Monsieur Hulot has to contact an American official in Paris, but he gets lost in the maze of modern architecture which is filled with the latest technical gadgets. Caught in the tourist ... See full summary »
Once a year the fair comes for one day to the little town 'Sainte-Severe-sur-Indre'. All inhabiters are scoffing at Francois, the postman, what he seems not to recognize. The rising of the ... See full summary »
Seven segments related to one another only in that they all purport to be based on sections of the book by David Reuben. The segments range from "Do Aphrodisiacs Work?" in which a court ... See full summary »
A French farce set in Victorian London where a botanist and his wife get into trouble when they pretend to go missing in order to hide from their sanctimonious cousin -- an Anglican bishop who is leading a campaign against such writing.
At Altra Motors, Mr. Hulot designs an ingenious camper car with lots of clever features. A lorry hauls the prototype to an important auto show in Amsterdam, with Mr. Hulot alongside in his car and a spoiled, trendy PR exec, the young Maria, in her sports car packed with designer clothes and her fluffy dog. The lorry has every imaginable problem, delaying its arrival. A flat tire, no gas, an accident, a run-in with police, a stop at a garage, and numerous traffic jams showcase vignettes of people and their cars. Through interactions with these down-to-earth folks, Maria gradually loses her imperious conceit, becoming much more relaxed and fetching. Written by
The end scene (people walking with umbrellas between parked cars) was shot on the parking lot of the then still functioning Amsterdam Ford factory. See more »
Several (Dutch) license plates can be seen on various different vehicles, sometimes even in the same shot. For instance the license plate "FT-92-65" can be seen in the petrol station scene on both a Peugeot 504 and a Chrysler 180. Later the same plate is on a Peugeot 204 passing in front of the exhibition center. In the "road rage" scene the number 76-04-NF is on both the Renault 16 and the Citroën ID. Shortly after the same plate is on an Opel Kadett parked in front of the exhibition center. See more »
This is certainly not an unpleasant movie to watch but for a comedy it's just too much lacking in its fundamental required ingredients.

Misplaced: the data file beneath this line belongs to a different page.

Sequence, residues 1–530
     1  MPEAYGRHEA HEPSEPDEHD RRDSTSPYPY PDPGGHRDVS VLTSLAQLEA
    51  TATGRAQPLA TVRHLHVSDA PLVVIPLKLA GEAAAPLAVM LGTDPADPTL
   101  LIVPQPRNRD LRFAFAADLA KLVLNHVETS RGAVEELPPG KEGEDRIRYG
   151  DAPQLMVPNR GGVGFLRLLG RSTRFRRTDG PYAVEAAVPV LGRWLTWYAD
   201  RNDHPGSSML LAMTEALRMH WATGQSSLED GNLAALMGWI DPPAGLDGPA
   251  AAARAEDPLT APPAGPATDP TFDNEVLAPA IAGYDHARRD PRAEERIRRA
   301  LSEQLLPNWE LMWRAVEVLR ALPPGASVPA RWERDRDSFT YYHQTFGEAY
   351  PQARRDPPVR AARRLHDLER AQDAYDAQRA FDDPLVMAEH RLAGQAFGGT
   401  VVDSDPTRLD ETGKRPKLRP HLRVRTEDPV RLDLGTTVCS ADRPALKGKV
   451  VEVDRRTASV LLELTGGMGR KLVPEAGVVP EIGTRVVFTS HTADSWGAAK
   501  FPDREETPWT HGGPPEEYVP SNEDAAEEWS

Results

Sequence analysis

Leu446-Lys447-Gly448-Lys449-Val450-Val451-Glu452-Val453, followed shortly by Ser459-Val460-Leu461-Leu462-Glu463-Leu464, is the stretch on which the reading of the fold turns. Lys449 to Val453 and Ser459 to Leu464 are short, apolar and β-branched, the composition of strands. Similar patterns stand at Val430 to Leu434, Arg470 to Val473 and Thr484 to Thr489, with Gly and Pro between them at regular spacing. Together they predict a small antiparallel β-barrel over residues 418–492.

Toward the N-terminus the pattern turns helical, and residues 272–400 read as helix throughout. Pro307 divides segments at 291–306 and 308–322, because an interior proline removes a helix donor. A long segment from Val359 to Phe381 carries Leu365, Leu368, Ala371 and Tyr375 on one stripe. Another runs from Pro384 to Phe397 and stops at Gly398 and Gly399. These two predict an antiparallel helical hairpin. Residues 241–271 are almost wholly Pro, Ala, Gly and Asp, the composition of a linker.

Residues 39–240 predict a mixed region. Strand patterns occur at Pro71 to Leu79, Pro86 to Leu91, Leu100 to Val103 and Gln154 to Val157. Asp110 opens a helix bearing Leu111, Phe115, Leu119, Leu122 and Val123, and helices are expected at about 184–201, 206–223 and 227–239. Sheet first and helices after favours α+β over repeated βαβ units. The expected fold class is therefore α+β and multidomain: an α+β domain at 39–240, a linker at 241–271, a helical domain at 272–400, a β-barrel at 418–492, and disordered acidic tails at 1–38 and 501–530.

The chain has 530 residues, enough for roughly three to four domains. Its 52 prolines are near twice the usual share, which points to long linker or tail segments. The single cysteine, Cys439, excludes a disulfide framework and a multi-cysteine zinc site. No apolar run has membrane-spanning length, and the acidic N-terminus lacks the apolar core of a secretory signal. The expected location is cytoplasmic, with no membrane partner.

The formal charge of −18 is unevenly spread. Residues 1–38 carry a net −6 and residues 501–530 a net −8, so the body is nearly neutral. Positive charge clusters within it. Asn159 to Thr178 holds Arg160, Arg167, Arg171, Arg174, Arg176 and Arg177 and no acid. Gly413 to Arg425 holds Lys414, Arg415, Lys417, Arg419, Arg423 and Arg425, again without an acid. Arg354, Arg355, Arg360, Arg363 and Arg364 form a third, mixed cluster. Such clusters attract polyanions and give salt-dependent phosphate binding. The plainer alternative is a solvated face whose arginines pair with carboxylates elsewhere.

Jacques Tati movies are all always being very subtle. Too subtle for my taste. It really takes its time to set up its comical moments, that often fall flat. There is just not an awful lot happening in this movie and comical-wise its surely lacking. Luckily the movie still has a pleasant, fun sort of atmosphere, which still made me enjoy watching this movie. And Tati movies are often movies you just have to watch, rather than paying too much attention for any of its story or acting in it.
This movie was initially intended to be made with the collaboration of Dutch Oscar winner Bert Haanstra. I had never realized this before but Tati and Haanstra were actually two film-makers that were very much alike with their style and approach of film-making, with a big difference that I like Haanstra way better than Tati. Both are being subtle and observant with their movies but Tati movies often feature slapstick humor, while Haanstra movies are more comical in its subtle observance's of real human behavior and its nature. He was also a director that got best known and got most critical acclaim for his documentaries. So while Tati movies are all being forced and staged, Haanstra movies are more realistic with its approach and therefore its subtlety also works out better. You can definitely tell which sequences in this movie got done by Bert Haanstra but you obviously have to be familiar with his work to recognize it. Appereantly he and Jacques Tati did not get along very well, or they had some creative differences so Haanstra left the project before it finished.
It's the last movie to feature the Monsieur Hulot character, from Tati. A comedy slapstick character that got portrayed by Jaceques Tati himself, in a handful of movies, over the decades. I never was too impressed with the character but he still had his biggest successes with it and his movie "Mon oncle" even won an Oscar for best foreign picture, while Tati himself also got nominated once, for his writing on the other Monsieur Hulot movie, "Les vacances de Monsieur Hulot". The character however never really plays the main part in his movies and they focus more on the events and surroundings around him, while often being a social commentary as well.
You can definitely call this movie the least original Monsieur Hulot movie, in terms of its creativity. Guess that Tati really ran out of good ideas and had sort of lost his touch, also after taking some financial blows with his previous movies. You can often see the comical moments in this movie coming from miles away and when they hit, they certainly don't hit as strong and funny as you would hope and perhaps also would expect.
Certainly not an unpleasant movie to watch and Tati's subtlety isn't as annoying as is the case with some of his other movies but for a comedy it's still surely lacking in some good strong humor.
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